The video announcement of President Biden’s re-election bid was revealing, a fast-paced montage of pretty pictures with the leader of the free world providing a voice-over.
Only twice did Biden briefly address the camera, the message being we’re all in this together, fighting for America’s “freedoms,” a far cry from “I alone can fix it.”
Biden ran his 2020 pandemic campaign from his basement, and seems intent on another low-key effort that would present a sharp contrast with Donald Trump, his likely opponent. That’s why there was a shot of the Capitol riot as the president said he would “fight for our democracy.”
And there were visual appeals to Black voters, with Kamala Harris in many scenes, a lingering shot of Justice Ketanji Brown Jackson and ordinary folks who make up a good chunk of Biden’s base.
President Biden speaks with reporters before departing from the South Lawn of the White House on Marine One on March 17, 2023, in Washington, DC. President Biden is spending the weekend in Wilmington, Delaware. (Anna Moneymaker/Getty Images)
Yet it’s a paradox: the latest NBC poll shows that more than half of Democrats don’t want Biden to run again, a lack of enthusiasm heavily fueled by his age. Biden will be almost 82 on Election Day.
He may well be able to beat Trump, who will be 78, but a younger GOP nominee would have a big advantage.
Rich Lowry, National Review’s editor-in-chief, says “Biden’s political genius turns out to be not provoking strong negative emotions because no one particularly thinks of him as being in charge or as having anything interesting to say.”
If this “left-wing government” was run by Bernie Sanders or Elizabeth Warren, writes Lowry, there would be a “political firestorm.”
But Biden has been around so long that “his rhetoric is generally moderate-sounding, and he never says anything memorable. No matter how radical and lawless the acts of his administration, it’s hard to associate those qualities with an elderly man who tells stories of his bygone cooperation with Republicans and often rambles to little effect.”
I don’t buy the not-in-charge part, but it’s true that the president rarely delivers a stinging sound bite.
Peter Baker in the New York Times says Biden had “stoked renewed speculation by delaying his kickoff for months,” but the video “finally ended any lingering suspense.”
Biden’s decision, aides say, was fueled in part “by his antipathy for Mr. Trump and his belief that he is the Democrat best positioned to keep the criminally indicted and twice-impeached former president from recapturing the White House.”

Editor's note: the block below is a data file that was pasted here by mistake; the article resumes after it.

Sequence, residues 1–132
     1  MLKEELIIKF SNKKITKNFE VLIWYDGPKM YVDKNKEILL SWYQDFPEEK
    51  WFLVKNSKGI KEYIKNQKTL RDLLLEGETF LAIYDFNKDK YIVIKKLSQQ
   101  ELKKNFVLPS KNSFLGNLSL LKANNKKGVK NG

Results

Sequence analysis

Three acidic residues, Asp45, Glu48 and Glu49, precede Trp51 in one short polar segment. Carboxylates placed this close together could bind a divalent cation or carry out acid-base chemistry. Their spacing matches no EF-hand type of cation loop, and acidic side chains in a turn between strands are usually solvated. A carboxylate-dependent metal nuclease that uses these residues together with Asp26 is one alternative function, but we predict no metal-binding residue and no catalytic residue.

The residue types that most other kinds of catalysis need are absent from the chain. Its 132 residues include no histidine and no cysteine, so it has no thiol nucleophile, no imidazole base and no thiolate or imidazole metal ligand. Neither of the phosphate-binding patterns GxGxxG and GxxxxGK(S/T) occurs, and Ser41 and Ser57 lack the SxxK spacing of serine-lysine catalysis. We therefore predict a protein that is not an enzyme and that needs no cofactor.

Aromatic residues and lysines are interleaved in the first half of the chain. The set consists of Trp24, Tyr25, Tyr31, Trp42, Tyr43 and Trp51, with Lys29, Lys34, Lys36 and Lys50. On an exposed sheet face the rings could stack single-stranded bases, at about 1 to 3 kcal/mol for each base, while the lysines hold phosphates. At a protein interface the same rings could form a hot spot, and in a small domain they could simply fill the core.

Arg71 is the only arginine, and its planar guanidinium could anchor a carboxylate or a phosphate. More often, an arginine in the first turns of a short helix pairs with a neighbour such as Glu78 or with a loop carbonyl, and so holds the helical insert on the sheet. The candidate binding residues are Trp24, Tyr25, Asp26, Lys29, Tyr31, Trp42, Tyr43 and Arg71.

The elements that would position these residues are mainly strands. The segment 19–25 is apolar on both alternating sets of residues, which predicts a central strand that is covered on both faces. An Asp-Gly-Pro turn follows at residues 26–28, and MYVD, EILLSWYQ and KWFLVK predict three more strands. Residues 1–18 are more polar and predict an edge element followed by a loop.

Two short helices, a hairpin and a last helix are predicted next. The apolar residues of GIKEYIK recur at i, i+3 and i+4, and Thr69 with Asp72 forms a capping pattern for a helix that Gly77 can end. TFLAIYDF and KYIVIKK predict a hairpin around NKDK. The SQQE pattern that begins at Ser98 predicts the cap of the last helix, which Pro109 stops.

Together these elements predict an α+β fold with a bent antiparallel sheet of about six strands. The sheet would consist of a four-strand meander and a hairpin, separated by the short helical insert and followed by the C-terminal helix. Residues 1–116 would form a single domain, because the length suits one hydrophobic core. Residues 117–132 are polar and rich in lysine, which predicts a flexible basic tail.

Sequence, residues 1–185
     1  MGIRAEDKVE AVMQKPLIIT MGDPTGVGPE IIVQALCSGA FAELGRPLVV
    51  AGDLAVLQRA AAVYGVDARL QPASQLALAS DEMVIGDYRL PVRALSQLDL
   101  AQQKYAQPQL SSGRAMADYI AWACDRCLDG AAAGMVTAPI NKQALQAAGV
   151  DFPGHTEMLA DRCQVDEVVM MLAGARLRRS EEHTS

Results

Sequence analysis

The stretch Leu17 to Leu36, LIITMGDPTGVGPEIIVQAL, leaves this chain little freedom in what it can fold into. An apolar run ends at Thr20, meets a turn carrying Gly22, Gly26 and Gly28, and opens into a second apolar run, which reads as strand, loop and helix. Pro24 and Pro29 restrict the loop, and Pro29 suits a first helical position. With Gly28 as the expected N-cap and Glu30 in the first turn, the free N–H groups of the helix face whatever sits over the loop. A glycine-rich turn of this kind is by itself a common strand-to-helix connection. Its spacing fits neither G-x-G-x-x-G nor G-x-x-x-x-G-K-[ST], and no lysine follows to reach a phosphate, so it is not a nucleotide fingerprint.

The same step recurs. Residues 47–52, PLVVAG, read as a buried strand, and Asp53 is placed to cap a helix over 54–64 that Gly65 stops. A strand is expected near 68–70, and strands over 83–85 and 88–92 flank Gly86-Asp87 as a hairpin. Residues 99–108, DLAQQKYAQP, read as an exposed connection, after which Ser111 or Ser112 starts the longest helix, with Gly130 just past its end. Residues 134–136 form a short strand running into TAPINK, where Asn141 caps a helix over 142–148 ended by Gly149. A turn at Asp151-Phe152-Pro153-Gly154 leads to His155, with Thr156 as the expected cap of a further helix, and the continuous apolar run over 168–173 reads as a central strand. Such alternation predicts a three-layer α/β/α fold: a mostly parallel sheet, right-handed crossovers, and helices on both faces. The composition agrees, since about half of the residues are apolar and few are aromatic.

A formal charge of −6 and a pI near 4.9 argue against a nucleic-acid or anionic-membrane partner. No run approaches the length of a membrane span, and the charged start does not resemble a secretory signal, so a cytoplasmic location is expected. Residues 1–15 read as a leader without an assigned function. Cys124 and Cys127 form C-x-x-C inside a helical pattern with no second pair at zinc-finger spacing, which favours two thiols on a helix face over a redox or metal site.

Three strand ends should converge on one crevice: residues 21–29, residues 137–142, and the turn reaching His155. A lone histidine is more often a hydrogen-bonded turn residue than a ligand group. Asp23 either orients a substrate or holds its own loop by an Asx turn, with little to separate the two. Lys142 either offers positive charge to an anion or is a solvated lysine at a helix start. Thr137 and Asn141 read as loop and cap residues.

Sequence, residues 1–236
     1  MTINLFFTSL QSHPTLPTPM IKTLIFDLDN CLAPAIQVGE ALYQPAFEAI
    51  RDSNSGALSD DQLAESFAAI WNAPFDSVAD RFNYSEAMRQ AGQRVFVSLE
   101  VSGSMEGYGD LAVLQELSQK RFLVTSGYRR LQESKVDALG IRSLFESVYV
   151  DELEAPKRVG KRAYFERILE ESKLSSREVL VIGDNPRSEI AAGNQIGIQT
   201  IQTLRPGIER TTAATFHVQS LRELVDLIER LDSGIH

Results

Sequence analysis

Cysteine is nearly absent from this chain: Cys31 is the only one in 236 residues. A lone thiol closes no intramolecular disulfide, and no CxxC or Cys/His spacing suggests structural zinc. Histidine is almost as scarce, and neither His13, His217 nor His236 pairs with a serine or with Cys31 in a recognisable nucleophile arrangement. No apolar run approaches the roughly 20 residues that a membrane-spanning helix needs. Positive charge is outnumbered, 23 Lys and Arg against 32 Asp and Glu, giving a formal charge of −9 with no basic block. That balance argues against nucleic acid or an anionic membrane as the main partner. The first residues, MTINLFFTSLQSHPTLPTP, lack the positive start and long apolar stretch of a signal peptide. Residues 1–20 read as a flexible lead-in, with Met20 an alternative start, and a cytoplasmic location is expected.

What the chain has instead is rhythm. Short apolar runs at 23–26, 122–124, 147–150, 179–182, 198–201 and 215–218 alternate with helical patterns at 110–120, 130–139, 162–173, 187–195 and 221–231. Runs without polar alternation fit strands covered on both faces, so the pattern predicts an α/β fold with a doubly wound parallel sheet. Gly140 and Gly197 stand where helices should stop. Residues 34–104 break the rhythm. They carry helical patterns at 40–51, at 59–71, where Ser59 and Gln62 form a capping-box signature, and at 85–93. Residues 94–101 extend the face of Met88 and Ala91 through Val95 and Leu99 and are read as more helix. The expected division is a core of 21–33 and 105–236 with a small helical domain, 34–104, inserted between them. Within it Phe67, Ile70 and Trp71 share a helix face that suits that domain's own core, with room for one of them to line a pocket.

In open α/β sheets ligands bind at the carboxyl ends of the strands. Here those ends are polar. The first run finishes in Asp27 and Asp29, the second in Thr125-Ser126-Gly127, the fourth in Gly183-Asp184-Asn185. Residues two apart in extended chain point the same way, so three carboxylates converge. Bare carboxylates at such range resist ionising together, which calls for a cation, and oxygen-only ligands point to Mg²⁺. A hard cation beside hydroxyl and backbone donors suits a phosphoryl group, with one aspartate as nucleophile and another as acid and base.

President Biden speaks during a State of the Union address at the US Capitol in Washington, DC, US, on Tuesday, Feb. 7, 2023. (Jacquelyn Martin/AP/Bloomberg via Getty Images)
In the video, Biden said: “MAGA extremists are lining up to take those bedrock freedoms away. Cutting Social Security that you’ve paid for your entire life while cutting taxes for the very wealthy. Dictating what health care decisions women can make, banning books and telling people who they can love. All while making it more difficult for you to be able to vote.”
So we could be looking at the first contest between a president and former president since Teddy Roosevelt took on his protégé, William Howard Taft, in 1912 and both lost.
We can’t ignore the way that Biden is shielded by his top advisers, especially from the press. This is not a typical whine from a journalist, but a concern that their motive is to hide his deterioration as he moves further into his 80s.
The Times recently reported that Biden has held the fewest news conferences in the last 100 years except for Richard Nixon and Ronald Reagan. Worse, he’s granted the fewest interviews since Reagan – 54 – compared to Trump with 202 and Barack Obama with 275 at a comparable point.
“It is public evidence that Mr. Biden’s political strategists want to protect him from the unscripted exchanges that have often resulted in missteps and criticism.”
And here’s what really aggravates the paper: “He has not done a single interview with reporters from a major newspaper.” (Biden has had off-the-record chats with a couple of columnists.)
When Biden was in Ireland, he blew off the longstanding tradition, not for the first time, of holding a bilateral presser with the other country’s leader.
Biden aides don’t deny they’re trying to have the boss communicate in a different way. He’ll often take a couple of questions by the helicopter, but his answers are terse and hard to hear, and he frequently walks away after two minutes.
I’ve known Joe Biden since the 1980s, and he used to enjoy talking to reporters. He’s always been known for his gaffes, but he’s clearly lost a couple of steps. And that’s why he only did a voice-over.
President Biden speaks about inflation and supply chain issues in Los Angeles. (AP Photo/Damian Dovarganes)
The president will also have to defend his record. On the plus side, he passed a COVID relief bill, an infrastructure law, a computer chips law, big bucks for climate change, a measure to help veterans exposed to toxins and led a global effort to help Ukraine – often with bipartisan support.
On the minus side, the chaotic withdrawal from Afghanistan was horrible, the border is a mess, mass shootings are rampant, inflation still plagues us and an incumbent is blamed for every unresolved problem.
Whether Biden can win again as a minor presence in our lives is a test for the history books.
Footnote: A trial started yesterday involving accusations that Trump had raped E. Jean Carroll in a department store decades ago, which he denies. How long before the Biden announcement fades from the news?